4. Qhia

    Matching the biometric profiles taken at Disney properties to those that may exist in Law Enforcement (aka SO) databases is extremely difficult (for now). When you are fingerprinted or photographed in a Law Enforcement setting, the conditions are much more “precise” than the slapdash carelessness that comes with being fingerprinted by a $14/hour cast member. For now, the “Disney-metrics” are only good enough to reduce (not prevent) pass fraud.

  5. John

    I had my finger scanned at Disneyland a few years ago (2014 or 15) and I was already a registered citizen. No problems. I was anxious as they scanned my finger but had a fun time. Park hopped with the family and enjoyed 3 days there. Don’t sweat it.

  6. American Detained in America

    Since completing my parole, I have been there at least 20 times and have never even asked to be fingerprinted or done a biometrics scan, and never had to show ID. But then, I’ve never bothered with multi-day passes either.

  7. ma.concerned.citizen

    This doesn’t worry me one bit. Since my “incident” I’ve been back to the Mouse twice, staying on property both times. And, I’m taking my family again this December. They are more concerned about your money than who you are. Tens of thousands of people visit the parks every day. You’re just a blip. Just stay in your lane, and enjoy.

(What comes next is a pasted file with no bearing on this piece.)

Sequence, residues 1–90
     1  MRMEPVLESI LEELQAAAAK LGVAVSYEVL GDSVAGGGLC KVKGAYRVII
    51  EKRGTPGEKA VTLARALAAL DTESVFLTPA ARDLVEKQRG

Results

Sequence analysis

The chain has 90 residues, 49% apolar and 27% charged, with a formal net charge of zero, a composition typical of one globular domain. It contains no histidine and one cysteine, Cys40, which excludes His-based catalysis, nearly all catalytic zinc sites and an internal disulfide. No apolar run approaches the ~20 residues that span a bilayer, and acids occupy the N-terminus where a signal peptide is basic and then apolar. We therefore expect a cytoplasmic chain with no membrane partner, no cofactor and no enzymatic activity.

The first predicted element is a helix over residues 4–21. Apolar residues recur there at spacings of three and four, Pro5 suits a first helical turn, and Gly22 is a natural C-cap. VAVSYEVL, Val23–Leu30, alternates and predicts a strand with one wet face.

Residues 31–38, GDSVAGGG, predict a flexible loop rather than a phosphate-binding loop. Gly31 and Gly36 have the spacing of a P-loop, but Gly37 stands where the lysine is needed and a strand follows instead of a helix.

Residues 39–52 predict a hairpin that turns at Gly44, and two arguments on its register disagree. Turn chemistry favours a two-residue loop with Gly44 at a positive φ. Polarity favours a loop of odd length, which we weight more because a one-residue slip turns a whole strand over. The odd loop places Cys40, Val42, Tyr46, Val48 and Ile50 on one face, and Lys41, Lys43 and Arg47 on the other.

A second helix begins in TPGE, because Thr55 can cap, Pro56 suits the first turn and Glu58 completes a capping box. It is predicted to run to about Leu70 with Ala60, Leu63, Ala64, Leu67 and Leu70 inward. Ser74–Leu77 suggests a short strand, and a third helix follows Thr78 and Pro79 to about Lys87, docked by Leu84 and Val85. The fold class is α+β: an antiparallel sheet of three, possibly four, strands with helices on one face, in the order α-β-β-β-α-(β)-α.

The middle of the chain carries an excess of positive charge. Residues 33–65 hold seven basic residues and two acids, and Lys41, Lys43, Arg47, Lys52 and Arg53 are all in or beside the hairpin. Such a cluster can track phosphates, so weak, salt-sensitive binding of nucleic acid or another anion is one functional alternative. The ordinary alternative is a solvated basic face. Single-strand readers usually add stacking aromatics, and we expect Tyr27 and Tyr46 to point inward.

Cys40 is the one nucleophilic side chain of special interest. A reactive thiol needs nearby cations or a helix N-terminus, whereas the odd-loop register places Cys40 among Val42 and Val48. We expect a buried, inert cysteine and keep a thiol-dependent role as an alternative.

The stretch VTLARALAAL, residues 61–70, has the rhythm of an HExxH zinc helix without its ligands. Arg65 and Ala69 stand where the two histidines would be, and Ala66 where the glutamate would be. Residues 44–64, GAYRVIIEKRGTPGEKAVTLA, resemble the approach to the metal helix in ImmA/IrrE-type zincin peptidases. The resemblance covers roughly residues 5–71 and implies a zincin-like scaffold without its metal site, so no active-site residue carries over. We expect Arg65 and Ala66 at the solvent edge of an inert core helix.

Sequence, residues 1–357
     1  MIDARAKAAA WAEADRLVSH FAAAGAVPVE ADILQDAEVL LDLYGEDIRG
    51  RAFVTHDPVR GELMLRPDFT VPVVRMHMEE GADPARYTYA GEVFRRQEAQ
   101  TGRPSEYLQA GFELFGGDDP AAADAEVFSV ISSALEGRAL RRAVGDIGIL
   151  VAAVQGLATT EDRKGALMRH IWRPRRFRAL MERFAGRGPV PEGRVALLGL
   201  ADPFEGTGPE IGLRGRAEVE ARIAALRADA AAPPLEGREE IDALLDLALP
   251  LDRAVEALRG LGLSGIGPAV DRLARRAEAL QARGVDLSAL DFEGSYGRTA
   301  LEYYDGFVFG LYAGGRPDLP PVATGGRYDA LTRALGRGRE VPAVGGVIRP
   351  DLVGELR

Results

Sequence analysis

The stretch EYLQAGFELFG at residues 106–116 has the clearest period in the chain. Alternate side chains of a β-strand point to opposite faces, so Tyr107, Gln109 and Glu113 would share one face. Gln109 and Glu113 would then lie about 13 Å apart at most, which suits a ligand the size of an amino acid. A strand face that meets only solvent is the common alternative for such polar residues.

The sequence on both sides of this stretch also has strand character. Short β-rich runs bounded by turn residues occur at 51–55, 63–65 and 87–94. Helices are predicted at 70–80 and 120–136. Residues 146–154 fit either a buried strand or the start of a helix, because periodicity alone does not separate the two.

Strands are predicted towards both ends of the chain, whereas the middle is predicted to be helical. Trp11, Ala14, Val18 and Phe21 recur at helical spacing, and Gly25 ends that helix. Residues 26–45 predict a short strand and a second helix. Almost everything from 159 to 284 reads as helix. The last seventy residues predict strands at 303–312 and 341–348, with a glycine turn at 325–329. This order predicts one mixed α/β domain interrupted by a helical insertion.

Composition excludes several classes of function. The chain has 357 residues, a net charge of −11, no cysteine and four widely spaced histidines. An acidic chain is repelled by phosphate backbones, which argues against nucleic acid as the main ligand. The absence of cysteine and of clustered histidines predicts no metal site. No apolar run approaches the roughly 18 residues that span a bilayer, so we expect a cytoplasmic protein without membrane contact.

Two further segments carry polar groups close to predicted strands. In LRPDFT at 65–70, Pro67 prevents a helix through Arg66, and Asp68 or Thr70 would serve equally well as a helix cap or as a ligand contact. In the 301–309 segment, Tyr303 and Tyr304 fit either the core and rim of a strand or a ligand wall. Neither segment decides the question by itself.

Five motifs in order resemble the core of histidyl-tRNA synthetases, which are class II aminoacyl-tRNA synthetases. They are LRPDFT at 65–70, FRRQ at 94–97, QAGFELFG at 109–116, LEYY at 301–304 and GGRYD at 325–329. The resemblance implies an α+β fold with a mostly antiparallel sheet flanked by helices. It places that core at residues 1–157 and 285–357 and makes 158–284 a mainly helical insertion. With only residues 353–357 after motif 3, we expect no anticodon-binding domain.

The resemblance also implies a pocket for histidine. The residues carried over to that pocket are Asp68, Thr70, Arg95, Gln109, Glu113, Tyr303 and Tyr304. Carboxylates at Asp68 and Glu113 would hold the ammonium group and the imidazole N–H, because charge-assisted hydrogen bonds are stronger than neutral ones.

8. Sunny

    I had no trouble going to Disneyland while registered on the Megan’s law website. I had won a pass that had my name on it and provided my driver’s license as ID. They photographed everyone going in and out of the two parks (to prevent pass abuse). If they aren’t screening names, they definitely aren’t screening fingerprints. If you’ve had to register, you know how thorough and precise law enforcement are when taking fingerprints – the slightest twitch can cause them to have to start over a relatively lengthy process. No way Disney’s scanners are accurate enough to match against a national database. I much prefer Universal Studios and I’ve never had issues going there, either.

    When I was registered, the only public accommodations issue I ran into was Royal Caribbean when I went on a cruise with my family. They do cross reference the registry and asked me for a statement of rehabilitation, which I provided. They then said I would be allowed to go on the trip as long as I signed an agreement that I wouldn’t go into the children’s day care on the ship. It was a nice trip island hopping through the Caribbean, I used my passport, and I never had any issues even though every island we visited was its own nation.

  9. jason

    Disney’s system doesn’t really store fingerprints, it measures points on fingers and assigns it to your ticket, so 1 in every 1000 people that come through the gates share the same measurement points. This info. does get deleted 30 days after the ticket or pass expires. Just show your ID, and you won’t have a problem getting in.

    I have a friend that used to work in this department.